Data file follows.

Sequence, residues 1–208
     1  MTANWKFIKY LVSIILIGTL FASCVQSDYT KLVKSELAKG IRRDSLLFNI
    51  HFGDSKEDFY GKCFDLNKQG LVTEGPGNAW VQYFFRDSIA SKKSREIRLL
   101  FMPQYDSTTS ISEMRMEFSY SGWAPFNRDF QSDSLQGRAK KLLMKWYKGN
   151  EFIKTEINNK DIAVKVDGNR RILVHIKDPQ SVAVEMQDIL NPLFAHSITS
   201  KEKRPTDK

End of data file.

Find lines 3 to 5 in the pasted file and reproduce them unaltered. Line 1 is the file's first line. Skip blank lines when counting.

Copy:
    51  HFGDSKEDFY GKCFDLNKQG LVTEGPGNAW VQYFFRDSIA SKKSREIRLL
   101  FMPQYDSTTS ISEMRMEFSY SGWAPFNRDF QSDSLQGRAK KLLMKWYKGN
   151  EFIKTEINNK DIAVKVDGNR RILVHIKDPQ SVAVEMQDIL NPLFAHSITS